SAA’s shrink­age af­ter cap­ture years won’t cost peanuts

Sunday Times - - Business | Opinion & Bits - by Fe­rial Haf­fa­jee

The agents of­fered me a va­ri­ety of air­lines as they booked a seat to Lon­don for me. Bri­tish Air­ways. Vir­gin. SAA. My in­stinct was for Vir­gin or Bri­tish, but my loy­alty is with SAA, the na­tional air­line bat­tling to res­ur­rect it­self af­ter years of cor­rup­tion and cap­ture. I had read about how valiantly the new CEO, Vuyani Jarana, is try­ing to get the car­rier’s head above wa­ter. And so I clicked SAA on the menu of op­tions, even though it was marginally more ex­pen­sive. As I went to check in last Satur­day, the clerk clearly had a prob­lem, and a process that usu­ally takes a minute or three had her gri­mac­ing at the screen and look­ing ner­vously at me.

I had been bumped de­spite my ticket which was a full fare, pur­chased nei­ther on dis­count nor miles. I’m from Bos­mont, where they cook tough in the soup and where we are born with steel-tipped el­bows, so I kicked up a squeal. But it was to no end. A su­per­vi­sor ex­plained that the air­line had changed from a big to a small plane and many of us had been bumped back. It is part of the big cost cut.

On a flight to Accra, Ghana, in May, the cost-cut­ting on SAA was clear. We were all get­ting peck­ish af­ter a sparse lunch, and I asked for peanuts. “We don’t do those any­more,” said an apolo­getic cabin at­ten­dant. What about an ap­ple? Or a banana? She shook her head.

Two weeks ago, I flew Emi­rates to Lis­bon be­cause SAA has cut

Euro­pean routes and An­golan

Air­lines (the cheap­est, quick­est op­tion) has such a bad rep­u­ta­tion on Tripad­vi­sor I’d be a fool to book that air­line. Jarana was on board, and I thought it odd, un­til I re­mem­bered that SAA has no flights to Dubai and code­shares with Emi­rates. Emi­rates is, in my opin­ion, the world’s best air­line, and, later that week I read that Jarana is try­ing to out­source both cabin at­ten­dants and pi­lots to the Gulf’s avi­a­tion be­he­moth. That’s where SAA is at now: out­sourc­ing its staff, get­ting smaller, be­com­ing re­gional and na­tional rather than the African leader it as­pires to be. Whereas SAA once opened up routes as in­vestors flocked to the rest of Africa, it, to­gether with its smaller sis­ter, SA Ex­press, is rapidly shut­ting down routes which are harm­ing its strat­egy of cap­i­tal­is­ing on grow­ing in­tra­con­ti­nen­tal trade.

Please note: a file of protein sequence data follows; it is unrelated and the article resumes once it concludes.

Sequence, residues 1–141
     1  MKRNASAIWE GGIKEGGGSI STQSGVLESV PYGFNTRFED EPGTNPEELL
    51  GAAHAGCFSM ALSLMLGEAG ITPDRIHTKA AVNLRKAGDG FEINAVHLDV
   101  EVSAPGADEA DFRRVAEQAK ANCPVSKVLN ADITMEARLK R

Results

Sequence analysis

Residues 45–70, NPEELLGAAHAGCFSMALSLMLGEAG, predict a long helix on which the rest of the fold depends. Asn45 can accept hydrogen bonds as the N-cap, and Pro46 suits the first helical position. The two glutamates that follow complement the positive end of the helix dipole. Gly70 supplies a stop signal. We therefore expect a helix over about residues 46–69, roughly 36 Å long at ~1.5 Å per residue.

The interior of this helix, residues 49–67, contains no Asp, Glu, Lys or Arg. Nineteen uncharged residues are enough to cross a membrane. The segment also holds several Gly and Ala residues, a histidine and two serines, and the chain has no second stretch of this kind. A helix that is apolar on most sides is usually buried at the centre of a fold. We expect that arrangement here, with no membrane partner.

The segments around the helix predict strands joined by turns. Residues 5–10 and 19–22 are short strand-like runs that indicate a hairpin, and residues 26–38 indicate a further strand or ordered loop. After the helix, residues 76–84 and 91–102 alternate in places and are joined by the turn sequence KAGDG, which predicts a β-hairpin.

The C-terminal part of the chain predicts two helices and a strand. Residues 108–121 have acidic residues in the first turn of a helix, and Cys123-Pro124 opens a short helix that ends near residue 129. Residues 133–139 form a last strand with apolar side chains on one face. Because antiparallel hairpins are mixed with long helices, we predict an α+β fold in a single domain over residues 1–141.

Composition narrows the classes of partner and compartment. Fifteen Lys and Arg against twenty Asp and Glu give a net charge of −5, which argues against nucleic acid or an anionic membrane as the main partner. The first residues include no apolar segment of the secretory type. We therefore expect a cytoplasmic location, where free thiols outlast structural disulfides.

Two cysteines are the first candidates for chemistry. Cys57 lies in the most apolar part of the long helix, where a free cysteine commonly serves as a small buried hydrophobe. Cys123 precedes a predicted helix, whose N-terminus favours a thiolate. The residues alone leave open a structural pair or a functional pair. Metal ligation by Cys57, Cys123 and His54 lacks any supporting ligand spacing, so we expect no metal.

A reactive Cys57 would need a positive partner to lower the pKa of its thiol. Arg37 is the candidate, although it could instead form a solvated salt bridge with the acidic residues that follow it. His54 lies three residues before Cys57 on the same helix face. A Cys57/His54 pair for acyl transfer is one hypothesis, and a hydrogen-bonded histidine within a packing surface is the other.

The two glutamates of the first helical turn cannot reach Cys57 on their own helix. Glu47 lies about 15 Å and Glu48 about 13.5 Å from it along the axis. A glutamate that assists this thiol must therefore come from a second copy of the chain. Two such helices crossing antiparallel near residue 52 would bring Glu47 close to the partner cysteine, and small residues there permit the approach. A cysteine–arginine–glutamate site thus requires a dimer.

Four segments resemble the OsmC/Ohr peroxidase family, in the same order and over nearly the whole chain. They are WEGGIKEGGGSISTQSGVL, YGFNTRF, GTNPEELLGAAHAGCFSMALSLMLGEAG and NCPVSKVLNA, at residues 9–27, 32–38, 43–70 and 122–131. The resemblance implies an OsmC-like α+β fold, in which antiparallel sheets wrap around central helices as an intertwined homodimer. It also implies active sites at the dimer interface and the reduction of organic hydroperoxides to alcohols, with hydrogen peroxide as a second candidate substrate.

The jury’s out on whether we should have a na­tional car­rier that needs R28-bil­lion sim­ply to stay in the air and it is yet another ex­am­ple of how we are pay­ing for the klep­to­cratic years of for­mer pres­i­dent Ja­cob Zuma. SAA is suf­fer­ing af­ter years of mis­man­age­ment when the board was chaired by Dudu Myeni, Zuma’s friend and chair of his char­ity. The Myeni era wore SAA down as it co­hered around a logic of pa­tron­age. She was more con­cerned with shak­ing down sup­pli­ers for sub­con­tracts and bring­ing her cronies into ev­ery part of the value chain than pro­vid­ing the lead­er­ship re­quired of the chair of an im­por­tant board. It’s the same story at al­most ev­ery state-owned com­pany where Zuma placed crony upon crony to suck out rents.

Be­fore the era of Zuma, SAA was the cham­pion of African skies, but Ethiopian Air­lines is quickly mov­ing to usurp that po­si­tion. That air­line is run by pro­fes­sion­als and not politi­cians. Its op­er­a­tions are no-frill, with none of the huge ex­ec­u­tive and board pay and perks that is one fac­tor that has up­ended the na­tional car­rier. When I in­ter­viewed the head of its South­ern Africa op­er­a­tions, we met at the Spur at OR Tambo, which is where, he said, he held all busi­ness meet­ings. As far as I know, they still serve a good nut to their pas­sen­gers. SAA still has a ster­ling safety record, and its new ex­ec­u­tives are try­ing hard to keep to de­par­ture and ar­rival times. Its staff are, on the whole, kind and pro­fes­sional. But how long will I last as a pas­sen­ger? Be­fore I boarded last Satur­day, I bought a packet of peanuts. Good cus­tomers can get ac­cus­tomed to bad ser­vice, such is the level of their loy­alty. But, to be hon­est, if an agent of­fers me a flight on Vir­gin, Bri­tish Air­ways, Emi­rates or SAA next time, I will not be tick­ing the na­tional car­rier.

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